When you live in places where you can see weather coming, sometimes for hours before it finally reaches you, you develop an appreciation for clouds and storms or wanna-be-storms seen from below. I enjoy weaving around cloud towers in the air, so long as I have a way out and they stay towers, not “Oh dear, that’s a wall with hail streamers, I do believe I’m in trouble.” And I’d just as soon be under a roof when the weather starts producing 50 kt winds, sideways rain, and Things Hiding In the Dark (aka rain-wrapped tornadoes at night).
This past week graced the High Plains with a variety of weather. It started with south-southeast winds, the like that pump moisture up from the Gulf of Mexico and that mean the odds of rain are increasing by the hour. While Denver got so much hail they had to snow-plow the baseball stadium in order to play, down here we had thunderstorms, or just sticky wind with increasing numbers of thick, grey-bottomed clouds. Tuesday evening, the clouds had grown thick enough to hide the sun, streaming in from the west as anvils blew out ahead of the storms.
Rain came overnight in Amarillo and the central panhandle, with some noise and light around 0300 local time. I woke up enough to notice the cat burrowing in, and the flashes. I’d unplugged the computers and moved my back-up drives to a safe location, so I just rolled over and went back to sleep. I drove to work under grey, spittering clouds. They had relatively high bases, so I could see clear gaps around the rain. By noon, when I went to get something hot to drink (the biiiiig coffee pot was empty) the clouds had developed into layers and building towers. A second storm-stirrer was approaching, a cold front from the northwest, and showers had started bubbling. You caught glimpses of them between breaks in the lower level as you waited for traffic to pass, if you looked up. Grey-blue below, then painfully bright white, the white I imagine angels must be like, and almost turquoise sky above, with hints of ice clouds in the stratosphere, somewhere up in the heights. By late afternoon, showers trailed their blue-grey skirts across the clean, green grasslands, and the rich, spicy smell of damp shortgrass filled the afternoon air. All was right with the world, at least for me.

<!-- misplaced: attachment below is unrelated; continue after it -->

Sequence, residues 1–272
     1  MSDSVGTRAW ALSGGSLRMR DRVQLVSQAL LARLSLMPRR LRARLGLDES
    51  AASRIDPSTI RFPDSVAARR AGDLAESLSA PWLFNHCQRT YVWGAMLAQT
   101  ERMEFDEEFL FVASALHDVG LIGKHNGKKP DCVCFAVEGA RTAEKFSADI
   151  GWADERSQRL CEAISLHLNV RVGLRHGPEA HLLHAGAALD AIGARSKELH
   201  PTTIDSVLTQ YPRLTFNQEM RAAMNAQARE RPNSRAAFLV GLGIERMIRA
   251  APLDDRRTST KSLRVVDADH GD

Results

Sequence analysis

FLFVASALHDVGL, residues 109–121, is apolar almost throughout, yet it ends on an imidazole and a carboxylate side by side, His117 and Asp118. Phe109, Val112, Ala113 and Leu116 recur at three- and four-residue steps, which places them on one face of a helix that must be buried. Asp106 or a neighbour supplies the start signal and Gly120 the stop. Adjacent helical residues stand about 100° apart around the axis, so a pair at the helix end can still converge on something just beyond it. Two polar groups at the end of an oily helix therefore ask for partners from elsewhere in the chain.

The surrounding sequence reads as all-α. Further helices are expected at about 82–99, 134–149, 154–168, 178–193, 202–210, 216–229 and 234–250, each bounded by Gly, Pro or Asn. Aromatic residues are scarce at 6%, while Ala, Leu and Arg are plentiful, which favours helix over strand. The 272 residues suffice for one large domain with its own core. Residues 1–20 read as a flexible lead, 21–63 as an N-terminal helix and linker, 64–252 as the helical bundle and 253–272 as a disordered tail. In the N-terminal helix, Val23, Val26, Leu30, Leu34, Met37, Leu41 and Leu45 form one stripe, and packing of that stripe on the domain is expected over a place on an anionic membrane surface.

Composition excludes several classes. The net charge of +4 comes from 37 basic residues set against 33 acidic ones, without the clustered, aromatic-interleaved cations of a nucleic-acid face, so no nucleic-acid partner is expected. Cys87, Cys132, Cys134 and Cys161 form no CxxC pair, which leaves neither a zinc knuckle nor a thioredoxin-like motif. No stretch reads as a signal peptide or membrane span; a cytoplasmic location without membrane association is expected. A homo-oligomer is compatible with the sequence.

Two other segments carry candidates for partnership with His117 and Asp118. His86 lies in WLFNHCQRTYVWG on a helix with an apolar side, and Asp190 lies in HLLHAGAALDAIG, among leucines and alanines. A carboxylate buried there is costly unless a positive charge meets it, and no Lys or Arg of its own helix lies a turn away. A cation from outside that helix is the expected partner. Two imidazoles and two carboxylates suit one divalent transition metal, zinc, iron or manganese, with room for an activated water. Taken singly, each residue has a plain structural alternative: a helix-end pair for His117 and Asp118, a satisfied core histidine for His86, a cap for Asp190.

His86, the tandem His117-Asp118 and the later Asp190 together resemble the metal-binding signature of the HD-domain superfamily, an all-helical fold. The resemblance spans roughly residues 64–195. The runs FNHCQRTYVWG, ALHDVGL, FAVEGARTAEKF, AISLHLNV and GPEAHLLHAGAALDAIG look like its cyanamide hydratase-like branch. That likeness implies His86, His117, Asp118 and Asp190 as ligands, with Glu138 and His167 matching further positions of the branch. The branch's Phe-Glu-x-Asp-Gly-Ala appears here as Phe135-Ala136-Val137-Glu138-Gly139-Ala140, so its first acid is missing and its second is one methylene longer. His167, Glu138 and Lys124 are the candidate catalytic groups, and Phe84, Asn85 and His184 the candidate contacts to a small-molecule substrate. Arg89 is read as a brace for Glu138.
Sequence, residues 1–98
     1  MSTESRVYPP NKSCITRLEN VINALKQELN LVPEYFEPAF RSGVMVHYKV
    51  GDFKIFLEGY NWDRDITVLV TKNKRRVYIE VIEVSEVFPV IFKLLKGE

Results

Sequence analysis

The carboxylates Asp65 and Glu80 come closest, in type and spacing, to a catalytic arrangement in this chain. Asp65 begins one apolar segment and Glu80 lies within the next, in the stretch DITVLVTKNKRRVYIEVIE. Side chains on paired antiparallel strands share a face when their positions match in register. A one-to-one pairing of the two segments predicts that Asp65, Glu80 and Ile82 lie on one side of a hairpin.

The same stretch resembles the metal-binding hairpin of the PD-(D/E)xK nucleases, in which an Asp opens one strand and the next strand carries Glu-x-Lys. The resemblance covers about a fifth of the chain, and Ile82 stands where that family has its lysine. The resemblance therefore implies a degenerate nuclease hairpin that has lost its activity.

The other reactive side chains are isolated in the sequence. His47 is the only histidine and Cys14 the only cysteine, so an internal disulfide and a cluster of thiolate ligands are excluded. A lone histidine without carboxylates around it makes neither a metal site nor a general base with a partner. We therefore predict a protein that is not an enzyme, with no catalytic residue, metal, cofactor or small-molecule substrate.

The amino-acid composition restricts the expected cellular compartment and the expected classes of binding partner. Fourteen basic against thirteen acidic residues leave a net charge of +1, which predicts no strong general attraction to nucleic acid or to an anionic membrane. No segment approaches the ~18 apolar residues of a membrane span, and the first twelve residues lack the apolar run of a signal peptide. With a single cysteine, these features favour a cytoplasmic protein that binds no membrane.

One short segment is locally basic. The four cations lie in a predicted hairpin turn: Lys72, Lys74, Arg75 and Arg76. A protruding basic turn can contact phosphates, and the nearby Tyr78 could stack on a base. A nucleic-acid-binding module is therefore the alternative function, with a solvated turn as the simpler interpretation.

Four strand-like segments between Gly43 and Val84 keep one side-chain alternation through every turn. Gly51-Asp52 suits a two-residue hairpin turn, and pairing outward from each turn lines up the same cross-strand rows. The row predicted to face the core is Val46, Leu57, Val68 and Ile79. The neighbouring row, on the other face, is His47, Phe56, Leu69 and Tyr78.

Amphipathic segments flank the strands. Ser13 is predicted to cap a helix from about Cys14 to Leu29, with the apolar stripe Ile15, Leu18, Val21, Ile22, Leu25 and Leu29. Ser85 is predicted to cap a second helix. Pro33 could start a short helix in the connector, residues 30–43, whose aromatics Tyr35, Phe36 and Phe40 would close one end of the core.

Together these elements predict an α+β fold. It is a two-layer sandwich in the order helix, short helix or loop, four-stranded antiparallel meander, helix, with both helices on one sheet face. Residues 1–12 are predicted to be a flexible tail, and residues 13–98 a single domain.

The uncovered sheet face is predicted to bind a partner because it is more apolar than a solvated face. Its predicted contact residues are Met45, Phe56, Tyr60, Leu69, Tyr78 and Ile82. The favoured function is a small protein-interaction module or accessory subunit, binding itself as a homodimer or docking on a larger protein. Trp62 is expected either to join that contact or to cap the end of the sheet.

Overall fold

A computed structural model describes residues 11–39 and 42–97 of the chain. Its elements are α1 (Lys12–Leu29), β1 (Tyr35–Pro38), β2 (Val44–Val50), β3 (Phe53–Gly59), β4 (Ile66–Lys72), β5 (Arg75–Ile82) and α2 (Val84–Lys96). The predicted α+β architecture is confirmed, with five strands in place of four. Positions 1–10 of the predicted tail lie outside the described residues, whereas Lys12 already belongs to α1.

Sunset was undershot pink and orange, with more storms meandering through over night. Thursday dawned with cloud towers in the east, and then fog swept in just after dawn, hiding the moon and everything else, swirling and dissolving the edges of the plains. By noon, when I quit for the day (OK. When I finished grading and checked out for the day,) a few more showers were forming, or acted as if they wanted to form. Then the grey returned until just before sunset. The clouds turned pink and lavender, then that brilliant pink and red that looks so tacky anywhere else. The different layers and heights of cloud caught the colors, sending them back and forth, slowly shifting to purple-grey and then moon-washed grey-white.
The High Plains and Llano Estacado don’t have the dramatic physical landscape of the Front Range, or the craggy coastlines in Oregon, Washington, and northern California. You don’t see jagged teeth of mountains looming, like the Alps loom over southern Bavaria*. 95% of the time, you have to look up in order to see a dramatic world. Unless there’s a range fire.
*When I finally saw the Alps from the north, on a chilly late June afternoon with clouds snagging their peaks, I understood in my gut why people dreaded the mountains for so long. They were not pretty. They were scary, a scary, sharp wall, cold-looking under fresh snow.